Friday Mug Contest — Heroes Of Backcountry Skiing

Post by blogger | August 15, 2008      

We have a winner: Stuart correctly identified the photo as Bill Briggs, first man to ski the Grand Teton and longtime backcountry skiing pioneer. The contest shot (and bonus one below) were taken during the famed Bugaboos high ski traverse he did with Barry Corbet, Roberts French and Sterling Neal in 1959.

In honor of Bill, how about I publish the classic hero shot of him you’ve all probably seen before?

History of backcountry skiing.
Bill Briggs, Canada, 1959. Roberts French photo

Hint’s in the title boys and girls. Prize is a Backcountry Access backpack shipped to your door. Name the person. First comment with correct answer wins. If we have no correct answer after a few hours, I’ll post hints. I’ve also got more obvious shots of this guy so we can get those up as well if necessary. Get on it!

History of backcountry skiing.
Guess his name and win. Roberts French photo


Please Enjoy A Few Suggested WildSnow Posts


27 Responses to “Friday Mug Contest — Heroes Of Backcountry Skiing”

  1. Teledude August 15th, 2008 9:05 am

    Lou Dawson 😉

  2. Lou August 15th, 2008 9:08 am

    LOL. Nope.

  3. C. Lowe August 15th, 2008 9:11 am

    Michael Kennedy?

  4. Aaron August 15th, 2008 9:11 am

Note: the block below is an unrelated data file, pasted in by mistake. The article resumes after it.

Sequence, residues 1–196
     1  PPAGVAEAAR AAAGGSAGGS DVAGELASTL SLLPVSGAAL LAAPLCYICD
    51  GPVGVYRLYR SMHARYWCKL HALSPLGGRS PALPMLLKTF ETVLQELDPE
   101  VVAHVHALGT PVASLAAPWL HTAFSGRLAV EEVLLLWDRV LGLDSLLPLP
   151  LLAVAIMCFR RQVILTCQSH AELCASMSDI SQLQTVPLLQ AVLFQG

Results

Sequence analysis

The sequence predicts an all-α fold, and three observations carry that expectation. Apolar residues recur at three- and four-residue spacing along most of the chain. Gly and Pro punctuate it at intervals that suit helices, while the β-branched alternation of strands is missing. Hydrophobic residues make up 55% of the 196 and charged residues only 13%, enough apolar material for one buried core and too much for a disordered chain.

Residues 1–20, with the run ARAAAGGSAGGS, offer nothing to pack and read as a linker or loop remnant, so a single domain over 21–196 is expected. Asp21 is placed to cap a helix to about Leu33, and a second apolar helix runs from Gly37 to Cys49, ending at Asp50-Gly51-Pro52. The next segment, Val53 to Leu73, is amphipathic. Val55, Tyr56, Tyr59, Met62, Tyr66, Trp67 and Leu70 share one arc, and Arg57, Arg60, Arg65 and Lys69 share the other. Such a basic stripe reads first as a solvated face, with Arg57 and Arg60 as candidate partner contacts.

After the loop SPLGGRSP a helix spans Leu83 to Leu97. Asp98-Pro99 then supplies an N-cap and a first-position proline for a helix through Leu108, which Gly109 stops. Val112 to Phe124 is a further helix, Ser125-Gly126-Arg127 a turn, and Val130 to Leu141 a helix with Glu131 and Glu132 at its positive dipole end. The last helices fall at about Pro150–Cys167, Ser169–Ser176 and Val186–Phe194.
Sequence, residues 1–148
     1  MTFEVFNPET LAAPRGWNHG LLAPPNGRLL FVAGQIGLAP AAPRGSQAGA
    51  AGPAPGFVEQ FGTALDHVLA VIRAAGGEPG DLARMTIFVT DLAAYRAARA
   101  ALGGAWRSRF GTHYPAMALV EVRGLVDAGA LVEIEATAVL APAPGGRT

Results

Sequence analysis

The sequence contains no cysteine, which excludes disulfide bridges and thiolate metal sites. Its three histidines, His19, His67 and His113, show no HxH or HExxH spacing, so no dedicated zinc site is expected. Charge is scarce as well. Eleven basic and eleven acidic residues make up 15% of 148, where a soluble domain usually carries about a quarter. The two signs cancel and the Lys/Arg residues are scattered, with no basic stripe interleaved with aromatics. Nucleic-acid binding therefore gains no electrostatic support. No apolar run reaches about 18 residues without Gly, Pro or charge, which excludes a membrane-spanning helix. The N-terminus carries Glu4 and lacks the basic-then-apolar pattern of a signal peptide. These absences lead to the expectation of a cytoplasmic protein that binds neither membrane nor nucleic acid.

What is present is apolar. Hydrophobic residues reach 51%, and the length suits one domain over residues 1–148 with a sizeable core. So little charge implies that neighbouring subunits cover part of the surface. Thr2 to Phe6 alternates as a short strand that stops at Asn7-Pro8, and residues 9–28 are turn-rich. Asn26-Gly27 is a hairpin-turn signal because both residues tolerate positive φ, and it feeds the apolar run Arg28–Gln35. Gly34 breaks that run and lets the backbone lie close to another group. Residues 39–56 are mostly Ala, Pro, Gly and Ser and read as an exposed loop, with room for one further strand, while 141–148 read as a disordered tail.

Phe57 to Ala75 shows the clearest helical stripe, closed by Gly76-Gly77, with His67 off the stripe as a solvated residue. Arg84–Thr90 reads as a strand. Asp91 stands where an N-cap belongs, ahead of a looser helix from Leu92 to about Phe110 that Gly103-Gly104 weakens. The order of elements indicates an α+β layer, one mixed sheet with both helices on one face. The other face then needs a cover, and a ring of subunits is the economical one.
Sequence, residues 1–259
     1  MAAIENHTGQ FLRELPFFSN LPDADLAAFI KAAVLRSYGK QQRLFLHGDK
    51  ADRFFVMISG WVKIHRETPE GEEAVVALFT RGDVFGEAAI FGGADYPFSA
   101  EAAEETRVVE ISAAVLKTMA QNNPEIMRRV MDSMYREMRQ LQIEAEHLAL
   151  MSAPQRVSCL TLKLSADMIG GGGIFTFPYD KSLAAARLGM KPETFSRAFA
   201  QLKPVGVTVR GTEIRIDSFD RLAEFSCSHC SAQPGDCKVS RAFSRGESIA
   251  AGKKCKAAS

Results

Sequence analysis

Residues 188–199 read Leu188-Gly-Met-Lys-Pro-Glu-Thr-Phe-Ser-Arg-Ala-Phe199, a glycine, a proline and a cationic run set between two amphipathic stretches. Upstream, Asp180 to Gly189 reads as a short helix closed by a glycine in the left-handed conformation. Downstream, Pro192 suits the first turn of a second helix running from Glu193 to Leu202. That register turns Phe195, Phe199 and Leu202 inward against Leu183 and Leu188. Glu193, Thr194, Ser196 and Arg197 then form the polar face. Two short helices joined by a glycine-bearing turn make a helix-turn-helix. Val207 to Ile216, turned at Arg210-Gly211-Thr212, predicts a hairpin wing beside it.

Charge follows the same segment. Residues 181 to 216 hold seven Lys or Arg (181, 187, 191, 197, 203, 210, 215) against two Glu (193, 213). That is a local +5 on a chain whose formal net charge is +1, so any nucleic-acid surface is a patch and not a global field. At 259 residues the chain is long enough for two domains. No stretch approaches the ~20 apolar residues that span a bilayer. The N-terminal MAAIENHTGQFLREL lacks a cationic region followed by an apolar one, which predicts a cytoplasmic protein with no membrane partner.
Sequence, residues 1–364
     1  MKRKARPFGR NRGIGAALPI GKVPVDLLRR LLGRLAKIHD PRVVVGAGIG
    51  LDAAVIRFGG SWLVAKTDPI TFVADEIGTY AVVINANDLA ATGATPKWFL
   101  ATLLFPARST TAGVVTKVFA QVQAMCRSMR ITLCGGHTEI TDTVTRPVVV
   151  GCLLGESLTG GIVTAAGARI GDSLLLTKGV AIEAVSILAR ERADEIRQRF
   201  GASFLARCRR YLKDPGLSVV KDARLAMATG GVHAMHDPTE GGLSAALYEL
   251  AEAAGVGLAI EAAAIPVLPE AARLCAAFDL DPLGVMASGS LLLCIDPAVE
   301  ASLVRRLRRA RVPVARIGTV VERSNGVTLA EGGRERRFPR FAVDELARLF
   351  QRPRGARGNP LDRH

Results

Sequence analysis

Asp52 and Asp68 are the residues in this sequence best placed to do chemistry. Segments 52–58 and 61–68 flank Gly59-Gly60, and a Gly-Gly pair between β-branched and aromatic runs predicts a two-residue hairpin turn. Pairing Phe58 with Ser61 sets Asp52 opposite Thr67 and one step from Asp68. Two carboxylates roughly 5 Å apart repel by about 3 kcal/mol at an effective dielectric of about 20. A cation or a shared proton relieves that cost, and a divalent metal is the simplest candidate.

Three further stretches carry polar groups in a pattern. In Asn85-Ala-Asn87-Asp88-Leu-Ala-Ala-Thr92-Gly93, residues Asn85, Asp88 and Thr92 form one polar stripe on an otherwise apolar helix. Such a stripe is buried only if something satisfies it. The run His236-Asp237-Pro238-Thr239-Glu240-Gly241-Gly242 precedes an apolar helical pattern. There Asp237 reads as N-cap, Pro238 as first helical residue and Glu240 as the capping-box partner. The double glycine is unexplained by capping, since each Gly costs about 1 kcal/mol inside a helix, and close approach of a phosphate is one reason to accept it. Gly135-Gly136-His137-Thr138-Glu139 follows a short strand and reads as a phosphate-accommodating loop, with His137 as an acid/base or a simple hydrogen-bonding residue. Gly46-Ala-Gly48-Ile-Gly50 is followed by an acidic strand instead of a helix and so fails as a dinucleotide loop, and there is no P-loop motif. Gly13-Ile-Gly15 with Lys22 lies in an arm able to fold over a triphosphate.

Knut Haukelid?

  5. stuart August 15th, 2008 9:14 am

    chic scott?

  6. Lou August 15th, 2008 9:18 am

    Stuart is the closest so far, in a sort of roundabout way…

  7. stuart August 15th, 2008 9:37 am

    Close doesn’t cut it, how about Bill Briggs?

  8. Lou August 15th, 2008 9:39 am

    Stuart, you’ve got it! Congratulations! I’ll email you.

  9. stuart August 15th, 2008 9:48 am

    Thanks so much Lou.
    I knew all the time I’ve spent on your site wasn’t a waste. 😉

  10. Steve August 15th, 2008 9:48 am

    Too fast, do another! This is better than work.

  11. Lou August 15th, 2008 10:01 am

    So many people hit this blogpost this morning it crashed my super duper expnso server! So thanks everyone for the load test!!! Good prep for winter.

    Steve, yeah, was that too easy?

    I’ll pick one I think is a bit tougher next Friday.

    Thanks everyone, and if you’ve got anything to say about Brigger, leave some more comments. Might as well keep load testing this thing.

  12. stuart August 15th, 2008 10:18 am

    Easy, don’t diminish my moment of glory!

    The hint did help, since both guys did big traverses in Canada.

  13. Steve August 15th, 2008 10:19 am

    It wasn’t too easy but the really hard part was trying to get an answer up during the server crash.

    My comment: I finally saw the movie “Steep” and it was awesome. Great section on Briggs. Good Dawson interview as well!

  14. stuart August 15th, 2008 10:26 am

    I hope it was clear my statement was in jest. I forgot the 😉

    And luck helps too.. 🙂

  15. scott nelson August 15th, 2008 10:28 am

    Can anyone comment on his binding setup in the pic? Looks like a “typical” older tele rig, but what is that in front of the toepiece? Or am I just looking at it wrong?

  16. Lou August 15th, 2008 10:31 am

    Stuart, your humor was obvious so no problem.